Russian tea cakes or Mexican wedding cookies?

I really love these cookies, I mean what’s not to love, butter, sugar and nuts. They are super easy to put together and rather quickly too. I don’t know why but they are generally only made around this time a year. Maybe because they look like a snowball?

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How cute are my fish teaspoons?

I have heard them called many things; Russian tea cakes, Mexican wedding cakes, Italian wedding cakes, snowballs, snowball cookies, and butterballs to name a few. Why so many names? Why called a cake when they clearly the size of a cookie?
IMG_3719.JPGIn doing a little research the names Russian versus Mexican seem to come from what nut you choose to use. Russian tea cakes use Hazelnuts, almonds and walnuts. And Mexican wedding cakes use pecans. The names snowballs and butterballs seem to be more of whatever your family has grown up using maybe? The cake versus cookie has a long explanation but I will try to condense it A LOT. Mexican weddings used to not have the typical tiered creations that we have here in the US instead they had tables with all kinds of confections for their guests and these were popular. The Mexican wedding cake cookies are known as polvorones. The Russian name is said that they were a popular treat at tea time for Europeans.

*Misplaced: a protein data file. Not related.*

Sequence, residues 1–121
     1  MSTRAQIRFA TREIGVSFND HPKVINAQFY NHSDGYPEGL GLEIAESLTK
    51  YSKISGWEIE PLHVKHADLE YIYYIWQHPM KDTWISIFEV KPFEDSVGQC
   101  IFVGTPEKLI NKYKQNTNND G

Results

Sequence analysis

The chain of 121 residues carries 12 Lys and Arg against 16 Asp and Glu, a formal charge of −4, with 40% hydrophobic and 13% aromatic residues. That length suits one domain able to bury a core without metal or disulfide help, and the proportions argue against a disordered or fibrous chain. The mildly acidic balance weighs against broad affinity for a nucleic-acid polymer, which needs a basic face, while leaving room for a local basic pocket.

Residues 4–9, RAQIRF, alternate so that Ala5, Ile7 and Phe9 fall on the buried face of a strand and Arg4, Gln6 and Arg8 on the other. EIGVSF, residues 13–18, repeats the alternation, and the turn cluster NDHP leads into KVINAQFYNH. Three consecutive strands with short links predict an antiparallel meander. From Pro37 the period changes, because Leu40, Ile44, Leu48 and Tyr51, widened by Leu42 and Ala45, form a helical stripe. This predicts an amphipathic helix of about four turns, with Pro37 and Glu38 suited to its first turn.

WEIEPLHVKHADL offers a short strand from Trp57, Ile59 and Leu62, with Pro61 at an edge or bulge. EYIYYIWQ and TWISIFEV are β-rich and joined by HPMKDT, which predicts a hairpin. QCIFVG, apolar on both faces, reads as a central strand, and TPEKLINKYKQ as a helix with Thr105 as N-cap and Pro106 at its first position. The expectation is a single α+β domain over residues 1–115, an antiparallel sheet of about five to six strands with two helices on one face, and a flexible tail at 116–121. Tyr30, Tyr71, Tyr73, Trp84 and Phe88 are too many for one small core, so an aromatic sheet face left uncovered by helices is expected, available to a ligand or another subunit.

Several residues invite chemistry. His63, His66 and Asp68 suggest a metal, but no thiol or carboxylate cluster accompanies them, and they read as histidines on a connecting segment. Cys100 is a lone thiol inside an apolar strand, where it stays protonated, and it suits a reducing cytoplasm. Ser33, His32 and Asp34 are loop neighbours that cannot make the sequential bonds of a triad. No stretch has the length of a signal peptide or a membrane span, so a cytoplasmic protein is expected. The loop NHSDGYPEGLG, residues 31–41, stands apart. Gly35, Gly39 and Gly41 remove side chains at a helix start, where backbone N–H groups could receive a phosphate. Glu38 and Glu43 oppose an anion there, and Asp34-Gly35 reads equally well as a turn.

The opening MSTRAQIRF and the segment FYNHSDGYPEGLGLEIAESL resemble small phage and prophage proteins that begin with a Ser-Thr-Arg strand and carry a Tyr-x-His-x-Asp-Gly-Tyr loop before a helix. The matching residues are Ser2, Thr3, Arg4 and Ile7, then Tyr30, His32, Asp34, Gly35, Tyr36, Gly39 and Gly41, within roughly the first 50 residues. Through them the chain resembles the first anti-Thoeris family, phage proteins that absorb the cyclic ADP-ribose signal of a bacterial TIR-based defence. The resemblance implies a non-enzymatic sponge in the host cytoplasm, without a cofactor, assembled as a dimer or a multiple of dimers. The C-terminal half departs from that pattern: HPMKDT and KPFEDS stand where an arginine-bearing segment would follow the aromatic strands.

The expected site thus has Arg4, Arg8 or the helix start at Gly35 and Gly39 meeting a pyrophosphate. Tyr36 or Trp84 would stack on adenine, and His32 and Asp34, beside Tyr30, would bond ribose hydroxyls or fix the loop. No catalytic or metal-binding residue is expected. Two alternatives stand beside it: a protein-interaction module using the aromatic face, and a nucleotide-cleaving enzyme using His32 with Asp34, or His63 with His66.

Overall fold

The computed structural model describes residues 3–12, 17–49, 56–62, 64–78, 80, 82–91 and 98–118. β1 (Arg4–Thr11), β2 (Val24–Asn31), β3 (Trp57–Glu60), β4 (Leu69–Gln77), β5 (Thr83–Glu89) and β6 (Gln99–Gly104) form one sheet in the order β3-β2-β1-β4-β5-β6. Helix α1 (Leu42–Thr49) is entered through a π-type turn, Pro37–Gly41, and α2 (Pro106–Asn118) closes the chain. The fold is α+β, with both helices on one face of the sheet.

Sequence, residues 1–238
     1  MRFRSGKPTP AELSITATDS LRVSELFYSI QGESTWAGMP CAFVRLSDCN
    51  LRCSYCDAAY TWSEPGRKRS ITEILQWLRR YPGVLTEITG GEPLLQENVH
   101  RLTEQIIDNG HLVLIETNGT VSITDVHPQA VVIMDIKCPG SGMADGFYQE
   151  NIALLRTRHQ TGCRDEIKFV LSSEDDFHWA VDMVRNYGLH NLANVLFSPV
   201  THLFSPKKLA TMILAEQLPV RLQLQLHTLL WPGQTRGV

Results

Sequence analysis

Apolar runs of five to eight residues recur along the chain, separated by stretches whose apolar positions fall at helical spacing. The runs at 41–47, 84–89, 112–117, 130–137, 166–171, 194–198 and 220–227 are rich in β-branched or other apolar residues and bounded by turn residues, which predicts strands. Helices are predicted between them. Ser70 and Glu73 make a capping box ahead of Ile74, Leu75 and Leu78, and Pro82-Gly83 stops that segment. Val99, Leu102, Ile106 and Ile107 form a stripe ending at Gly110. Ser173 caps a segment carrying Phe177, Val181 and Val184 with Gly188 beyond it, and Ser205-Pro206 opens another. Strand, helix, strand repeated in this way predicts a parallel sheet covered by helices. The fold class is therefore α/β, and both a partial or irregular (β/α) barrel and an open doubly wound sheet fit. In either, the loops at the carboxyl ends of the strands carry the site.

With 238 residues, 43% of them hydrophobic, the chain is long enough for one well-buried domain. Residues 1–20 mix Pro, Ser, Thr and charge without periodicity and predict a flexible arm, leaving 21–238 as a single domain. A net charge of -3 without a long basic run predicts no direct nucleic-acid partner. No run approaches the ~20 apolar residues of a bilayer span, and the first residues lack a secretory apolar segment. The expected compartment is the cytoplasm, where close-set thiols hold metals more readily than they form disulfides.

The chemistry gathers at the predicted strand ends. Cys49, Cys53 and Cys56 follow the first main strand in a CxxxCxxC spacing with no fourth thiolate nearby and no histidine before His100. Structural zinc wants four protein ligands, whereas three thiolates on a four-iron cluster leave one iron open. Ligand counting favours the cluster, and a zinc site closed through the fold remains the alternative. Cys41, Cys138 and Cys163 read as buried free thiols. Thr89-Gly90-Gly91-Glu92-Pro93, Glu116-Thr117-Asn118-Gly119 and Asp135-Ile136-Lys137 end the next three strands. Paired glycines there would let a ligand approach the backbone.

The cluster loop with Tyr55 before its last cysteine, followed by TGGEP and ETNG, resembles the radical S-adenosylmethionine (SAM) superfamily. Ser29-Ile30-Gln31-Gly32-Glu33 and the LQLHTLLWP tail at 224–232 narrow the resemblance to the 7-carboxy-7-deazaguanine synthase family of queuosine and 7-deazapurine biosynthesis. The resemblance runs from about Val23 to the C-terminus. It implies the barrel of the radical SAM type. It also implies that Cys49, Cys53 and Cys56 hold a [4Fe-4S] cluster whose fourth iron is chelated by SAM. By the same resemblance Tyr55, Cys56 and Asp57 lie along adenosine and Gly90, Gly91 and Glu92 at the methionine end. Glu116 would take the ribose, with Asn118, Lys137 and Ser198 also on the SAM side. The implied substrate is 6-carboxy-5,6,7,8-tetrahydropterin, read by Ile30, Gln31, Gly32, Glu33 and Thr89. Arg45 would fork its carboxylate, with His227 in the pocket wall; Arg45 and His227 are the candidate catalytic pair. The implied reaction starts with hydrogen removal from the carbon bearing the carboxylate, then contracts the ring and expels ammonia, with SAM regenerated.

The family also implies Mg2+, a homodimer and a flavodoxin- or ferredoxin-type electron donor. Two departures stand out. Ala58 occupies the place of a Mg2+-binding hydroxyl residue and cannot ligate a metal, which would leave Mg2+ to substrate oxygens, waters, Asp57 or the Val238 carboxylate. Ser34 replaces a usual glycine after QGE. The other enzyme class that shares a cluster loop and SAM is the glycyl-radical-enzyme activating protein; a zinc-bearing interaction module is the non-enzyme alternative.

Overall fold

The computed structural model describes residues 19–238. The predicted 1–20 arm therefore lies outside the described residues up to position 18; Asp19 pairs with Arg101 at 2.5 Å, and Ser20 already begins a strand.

IMG_3718.JPGPreheat oven to 325 – prepare 2 cookie sheets either with parchment, spray or silpat mat

2 cups whole pecans or walnuts, chopped fine
2 cups unbleached all-purpose flour
¾ teaspoon salt
2 sticks unsalted butter, softened but cool
⅓ cups sugar
1 ½ teaspoon vanilla extract
1 ½ cups confectioners sugar for rolling cooled cookies

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Mix 1 cup chopped nuts, flour, and salt in a medium bowl and set aside
Place the remaining nuts in a food processor and process until they are the consistency of corneal, careful not to over process and make butter. Stir into the flour mixture and set aside.
IMG_3713.JPGCream the butter and sugar until light and fluffy, about a minute or two. Beat in the vanilla; scrape as needed. Add the flour mixture and beat on low until the dough just comes together; about 15-20 seconds. Scrape again as needed and process till dough has all come together a few more seconds.
IMG_3714.JPGWorking with 1 tablespoon at a time, use a cookie scoop if you have one to make them all the same size. Roll into a ball and place on a prepared cookie sheet. Bake for 15-20 minutes; just until the tops are barely brown. Rotate halfway through cooking.
IMG_3716.JPGCool on the cookie sheet for about 2 minutes. Remove to a wire rack and cool to room temperature, about 30 minutes or so. Roll cookies into confectioners sugar, gently shake off the excess. They can be stored in an airtight container up to 5 days, or frozen for a couple of months. Just before serving roll them again in confectioners sugar to coat again; tap off the excess.
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Recipe: Cook’s Illustrated